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1 hour ago, DuctTape said:

Things have changed in many ways, especially what is legal on the books. What is legal and what is part of the system are two different things.  While no longer legal, much has not changed in the system. As just a singular example he consequences of red-lining are still a reality in many places. Entire communities exist as a result of said red-lining and in a lot of cases are unwelcoming to say the least of "others" moving into the neighborhoods. The police still treat minorities in these neighborhoods differently. At the minimum is the assumption they must be from somewhere else and therefore suspect. This is just a simplistic example. While this is a far cry from the lynchings of the past, much of the country still has a long long way to go. While I disagree with the younger generation stating "nothing has changed" I also disagree with the older generation stating words to the effect, "we fixed it years ago, so racism is not systemic". The reality is in middle.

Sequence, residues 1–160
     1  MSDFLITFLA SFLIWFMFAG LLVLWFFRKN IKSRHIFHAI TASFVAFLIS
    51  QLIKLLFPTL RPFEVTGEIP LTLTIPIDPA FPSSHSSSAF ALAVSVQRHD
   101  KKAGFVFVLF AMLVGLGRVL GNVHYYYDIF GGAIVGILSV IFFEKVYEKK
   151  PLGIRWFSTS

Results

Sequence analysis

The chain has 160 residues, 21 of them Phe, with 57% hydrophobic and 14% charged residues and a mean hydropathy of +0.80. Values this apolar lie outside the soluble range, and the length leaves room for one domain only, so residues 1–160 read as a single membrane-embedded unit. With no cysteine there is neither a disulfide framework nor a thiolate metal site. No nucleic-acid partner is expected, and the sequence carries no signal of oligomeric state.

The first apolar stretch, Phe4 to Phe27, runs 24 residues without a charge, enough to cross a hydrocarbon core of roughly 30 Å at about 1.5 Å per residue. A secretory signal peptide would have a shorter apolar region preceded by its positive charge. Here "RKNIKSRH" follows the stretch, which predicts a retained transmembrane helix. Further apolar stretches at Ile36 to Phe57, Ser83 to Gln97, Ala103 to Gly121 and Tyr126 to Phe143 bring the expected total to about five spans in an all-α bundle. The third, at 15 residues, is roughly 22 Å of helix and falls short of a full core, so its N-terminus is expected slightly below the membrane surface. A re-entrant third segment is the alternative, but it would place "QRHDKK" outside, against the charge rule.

De facto vs de jure. De facto discrimination is alive and well. De jure discrimination is mostly gone, although there are some places where laws are passed because they disproportionately effect people in one group or another. Discrimination today is typically much more subtle and less overt than in the 1960's, making it easier for people to pretend it doesn't exist. 

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5 hours ago, David CO said:

There is definitely a feeling of aristocracy amongst the crowd that sits on most of these boards.  They feel entitled.  I think this is part of the reason why the millennials don't like joining service clubs.  They are more than willing to help out, for a good cause, but they aren't willing to put up with all of this elitism nonsense.  

That's unfortunate.  

The Scouting world has such a weird dynamic to it.  Professionals, council boards, council volunteers vs. district volunteers vs. unit volunteers.  For a movement that is all about developing leaders, we seem to know so little about how to develop leadership in adult volunteers.  It's very strange.